## Complex-pair representation of GA(2,0) multivectors

We found previously that a complex pair representation of a GA(2,0) multivector had a compact geometric product realization. Now that we know the answer, let’s work backwards from that representation to verify that everything matches our expectations.

We are representing a multivector of the form
\label{eqn:bicomplexCl20:20}
M = a + b \Be_1 \Be_2 + x \Be_1 + y \Be_2,

as the pair of complex numbers
\label{eqn:bicomplexCl20:40}
M \sim \lr{ a + i b, x + i y }.

Given a pair of multivectors with this complex representation
\label{eqn:bicomplexCl20:60}
\begin{aligned}
M &= \lr{ z_1, z_2 } \\
N &= \lr{ q_1, q_2 },
\end{aligned}

we found that our geometric product representation was
\label{eqn:bicomplexCl20:80}
M N \sim
\lr{ z_1 q_1 + z_2^\conj q_2, z_2 q_1 + z_1^\conj q_2 }.

Our task is now to verify that this is correct. Let’s set
\label{eqn:bicomplexCl20:100}
\begin{aligned}
z_1 &= a + i b \\
q_1 &= a’ + i b’ \\
z_2 &= x + i y \\
q_2 &= x’ + i y’,
\end{aligned}

and proceed with an expansion of the even grade components
\label{eqn:bicomplexCl20:120}
\begin{aligned}
z_1 q_1 + z_2^\conj q_2
&=
\lr{ a + i b } \lr{ a’ + i b’ }
+
\lr{ x – i y } \lr{ x’ + i y’ } \\
&=
a a’ – b b’ + x x’ + y y’
+ i \lr{ b a’ + a b’ + x y’ – y x’ } \\
&=
x x’ + y y’ + i \lr{ x y’ – y x’ } + \quad a a’ – b b’ + i \lr{ b a’ + a b’ }.
\end{aligned}

The first terms is clearly the geometric product of two vectors
\label{eqn:bicomplexCl20:140}
\lr{ x \Be_1 + y \Be_2 } \lr{ x’ \Be_1 + y’ \Be_2 }
=
x x’ + y y’ + i \lr{ x y’ – y x’ },

and we are able to verify that the second parts can be factored too
\label{eqn:bicomplexCl20:160}
\lr{ a + b i } \lr{ a’ + b’ i }
=
a a’ – b b’ + i \lr{ b a’ + a b’ }.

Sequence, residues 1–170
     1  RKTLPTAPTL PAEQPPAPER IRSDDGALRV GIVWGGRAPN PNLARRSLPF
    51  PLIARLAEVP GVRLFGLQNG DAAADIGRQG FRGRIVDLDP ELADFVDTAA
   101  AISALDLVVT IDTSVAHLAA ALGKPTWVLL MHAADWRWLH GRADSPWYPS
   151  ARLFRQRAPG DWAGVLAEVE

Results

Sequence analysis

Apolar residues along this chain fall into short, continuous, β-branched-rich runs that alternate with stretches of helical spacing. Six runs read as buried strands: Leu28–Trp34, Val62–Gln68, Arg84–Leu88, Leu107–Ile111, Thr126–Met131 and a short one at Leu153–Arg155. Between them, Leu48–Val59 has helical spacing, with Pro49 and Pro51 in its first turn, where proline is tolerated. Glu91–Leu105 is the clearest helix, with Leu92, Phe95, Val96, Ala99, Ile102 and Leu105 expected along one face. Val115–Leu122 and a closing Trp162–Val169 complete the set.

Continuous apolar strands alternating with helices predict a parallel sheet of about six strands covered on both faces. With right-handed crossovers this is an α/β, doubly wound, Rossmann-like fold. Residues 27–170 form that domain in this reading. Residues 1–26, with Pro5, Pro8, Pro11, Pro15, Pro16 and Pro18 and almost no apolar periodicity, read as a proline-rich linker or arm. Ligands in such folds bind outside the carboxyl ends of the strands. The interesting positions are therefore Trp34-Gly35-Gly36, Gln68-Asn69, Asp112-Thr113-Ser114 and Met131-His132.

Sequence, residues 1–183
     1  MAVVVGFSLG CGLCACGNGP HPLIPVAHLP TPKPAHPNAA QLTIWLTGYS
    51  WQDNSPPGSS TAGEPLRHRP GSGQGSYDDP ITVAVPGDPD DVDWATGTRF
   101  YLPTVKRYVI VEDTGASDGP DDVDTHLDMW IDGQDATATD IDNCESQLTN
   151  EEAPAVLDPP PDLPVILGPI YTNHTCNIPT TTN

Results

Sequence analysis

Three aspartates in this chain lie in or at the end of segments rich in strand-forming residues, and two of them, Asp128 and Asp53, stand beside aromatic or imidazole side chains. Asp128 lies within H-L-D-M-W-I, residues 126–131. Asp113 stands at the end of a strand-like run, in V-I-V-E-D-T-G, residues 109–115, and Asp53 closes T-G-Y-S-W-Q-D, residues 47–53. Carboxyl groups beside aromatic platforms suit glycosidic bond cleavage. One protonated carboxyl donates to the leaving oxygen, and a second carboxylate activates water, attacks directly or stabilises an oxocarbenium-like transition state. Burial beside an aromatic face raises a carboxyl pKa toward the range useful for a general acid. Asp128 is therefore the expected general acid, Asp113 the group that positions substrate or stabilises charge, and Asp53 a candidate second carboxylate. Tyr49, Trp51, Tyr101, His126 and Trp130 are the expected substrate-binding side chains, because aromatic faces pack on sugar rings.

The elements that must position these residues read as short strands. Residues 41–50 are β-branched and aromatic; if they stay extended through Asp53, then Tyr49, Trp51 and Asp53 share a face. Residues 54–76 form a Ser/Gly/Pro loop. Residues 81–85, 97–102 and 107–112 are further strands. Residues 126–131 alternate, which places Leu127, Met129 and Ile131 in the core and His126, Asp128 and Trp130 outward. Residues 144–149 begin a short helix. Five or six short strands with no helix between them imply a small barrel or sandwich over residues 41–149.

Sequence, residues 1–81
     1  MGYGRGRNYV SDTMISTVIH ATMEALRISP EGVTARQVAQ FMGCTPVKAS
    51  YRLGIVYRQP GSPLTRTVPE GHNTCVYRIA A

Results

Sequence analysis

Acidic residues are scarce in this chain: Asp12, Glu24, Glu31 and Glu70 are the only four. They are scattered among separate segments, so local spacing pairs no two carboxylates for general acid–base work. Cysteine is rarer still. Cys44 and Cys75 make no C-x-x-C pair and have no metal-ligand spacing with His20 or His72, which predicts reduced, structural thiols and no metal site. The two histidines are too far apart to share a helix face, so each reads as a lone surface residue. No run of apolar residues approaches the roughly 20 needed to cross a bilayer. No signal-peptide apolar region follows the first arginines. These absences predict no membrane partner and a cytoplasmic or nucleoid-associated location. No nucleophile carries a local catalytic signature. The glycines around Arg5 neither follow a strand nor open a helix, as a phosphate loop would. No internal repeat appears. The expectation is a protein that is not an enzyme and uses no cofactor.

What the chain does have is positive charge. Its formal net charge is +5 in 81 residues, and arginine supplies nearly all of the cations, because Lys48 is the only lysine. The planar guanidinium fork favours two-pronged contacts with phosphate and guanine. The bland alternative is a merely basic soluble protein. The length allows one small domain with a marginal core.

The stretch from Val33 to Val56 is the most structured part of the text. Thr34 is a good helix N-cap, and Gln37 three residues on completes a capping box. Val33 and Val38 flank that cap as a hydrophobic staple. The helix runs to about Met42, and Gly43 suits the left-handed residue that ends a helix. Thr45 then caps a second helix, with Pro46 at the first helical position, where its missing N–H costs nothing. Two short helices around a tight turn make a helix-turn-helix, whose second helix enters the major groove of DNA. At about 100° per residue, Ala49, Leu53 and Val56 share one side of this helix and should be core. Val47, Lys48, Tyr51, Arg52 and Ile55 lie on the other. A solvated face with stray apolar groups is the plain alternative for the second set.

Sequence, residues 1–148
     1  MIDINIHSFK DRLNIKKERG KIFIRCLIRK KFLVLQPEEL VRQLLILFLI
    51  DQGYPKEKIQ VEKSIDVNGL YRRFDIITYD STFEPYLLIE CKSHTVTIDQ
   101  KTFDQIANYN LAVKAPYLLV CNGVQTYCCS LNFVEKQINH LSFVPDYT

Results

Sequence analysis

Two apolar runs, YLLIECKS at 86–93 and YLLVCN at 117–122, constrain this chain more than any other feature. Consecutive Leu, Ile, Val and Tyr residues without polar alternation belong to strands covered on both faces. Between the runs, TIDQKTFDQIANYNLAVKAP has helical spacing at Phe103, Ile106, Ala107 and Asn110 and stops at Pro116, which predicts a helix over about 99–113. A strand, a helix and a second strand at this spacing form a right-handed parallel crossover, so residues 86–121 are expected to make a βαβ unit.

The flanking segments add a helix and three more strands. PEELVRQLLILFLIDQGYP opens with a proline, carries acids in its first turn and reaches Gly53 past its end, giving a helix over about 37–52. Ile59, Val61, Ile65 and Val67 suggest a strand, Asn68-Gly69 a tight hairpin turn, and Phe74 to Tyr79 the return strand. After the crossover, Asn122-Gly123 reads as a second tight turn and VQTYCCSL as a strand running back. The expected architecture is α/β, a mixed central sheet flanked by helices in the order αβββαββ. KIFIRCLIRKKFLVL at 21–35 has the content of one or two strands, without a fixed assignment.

This leaves us with
\label{eqn:bicomplexCl20:180}

as expected. This part of our representation checks out.

Now, let’s look at the vector component of our representation. First note that to convert from our complex representation of our vector $$z = x + i y$$ to the standard basis representation of our vector, we need only multiply by $$\Be_1$$ on the left, for example:
\label{eqn:bicomplexCl20:220}
\Be_1 \lr{ x + i y } = \Be_1 x + \Be_1 \Be_1 \Be_2 y = \Be_1 x + \Be_2 y.

So, for the vector component of our assumed product representation, we have
\label{eqn:bicomplexCl20:200}
\begin{aligned}
\Be_1 \lr{ z_2 q_1 + z_1^\conj q_2 }
&=
\Be_1 \lr{ x + i y } \lr{ a’ + i b’ }
+
\Be_1 \lr{ a – i b } \lr{ x’ + i y’ } \\
&=
\Be_1 \lr{ x + i y } \lr{ a’ + i b’ }
+
\lr{ a + i b } \Be_1 \lr{ x’ + i y’ } \\
&=
\end{aligned}

as expected.

Our complex-pair realization of the geometric product checks out.

## Interior angles of a regular n-sided polygon: a strange way to find them.

Fig 1. Regular polygon, interior angles.

For reasons that I can’t explain, I woke up this morning dreaming about the interior angles of regular polygons. i.e. the angles $$\pi – \theta$$, as illustrated in fig. 1.